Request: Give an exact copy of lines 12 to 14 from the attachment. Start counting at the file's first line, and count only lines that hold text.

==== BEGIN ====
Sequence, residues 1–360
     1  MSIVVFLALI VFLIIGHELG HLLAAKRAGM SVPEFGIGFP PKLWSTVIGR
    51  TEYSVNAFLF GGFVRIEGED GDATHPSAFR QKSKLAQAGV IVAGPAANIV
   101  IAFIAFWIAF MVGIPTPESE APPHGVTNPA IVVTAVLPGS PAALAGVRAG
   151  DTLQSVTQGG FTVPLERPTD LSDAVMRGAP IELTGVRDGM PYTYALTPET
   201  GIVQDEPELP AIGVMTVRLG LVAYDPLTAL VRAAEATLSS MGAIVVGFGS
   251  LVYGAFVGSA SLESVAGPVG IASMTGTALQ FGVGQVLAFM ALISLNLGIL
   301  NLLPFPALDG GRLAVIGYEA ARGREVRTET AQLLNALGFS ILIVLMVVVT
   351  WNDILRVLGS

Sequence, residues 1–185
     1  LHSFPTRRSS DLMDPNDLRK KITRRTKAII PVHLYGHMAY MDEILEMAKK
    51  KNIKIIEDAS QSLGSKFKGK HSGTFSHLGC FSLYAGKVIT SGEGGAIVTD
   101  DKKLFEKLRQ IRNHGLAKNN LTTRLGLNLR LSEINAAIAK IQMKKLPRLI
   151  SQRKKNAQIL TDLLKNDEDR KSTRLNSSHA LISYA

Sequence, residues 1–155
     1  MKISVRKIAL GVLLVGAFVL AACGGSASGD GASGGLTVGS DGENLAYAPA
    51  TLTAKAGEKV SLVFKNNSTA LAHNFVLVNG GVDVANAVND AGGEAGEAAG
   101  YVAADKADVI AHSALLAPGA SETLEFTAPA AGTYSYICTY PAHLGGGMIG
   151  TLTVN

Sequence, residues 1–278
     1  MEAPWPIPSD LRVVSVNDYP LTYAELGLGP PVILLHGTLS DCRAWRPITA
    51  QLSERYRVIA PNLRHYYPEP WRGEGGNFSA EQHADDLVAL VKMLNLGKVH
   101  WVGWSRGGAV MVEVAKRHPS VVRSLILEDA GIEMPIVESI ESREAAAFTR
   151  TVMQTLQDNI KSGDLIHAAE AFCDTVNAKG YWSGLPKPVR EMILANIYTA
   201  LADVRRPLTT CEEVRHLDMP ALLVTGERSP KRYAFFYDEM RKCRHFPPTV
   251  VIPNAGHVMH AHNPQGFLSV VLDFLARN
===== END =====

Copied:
    51  KNIKIIEDAS QSLGSKFKGK HSGTFSHLGC FSLYAGKVIT SGEGGAIVTD
   101  DKKLFEKLRQ IRNHGLAKNN LTTRLGLNLR LSEINAAIAK IQMKKLPRLI
   151  SQRKKNAQIL TDLLKNDEDR KSTRLNSSHA LISYA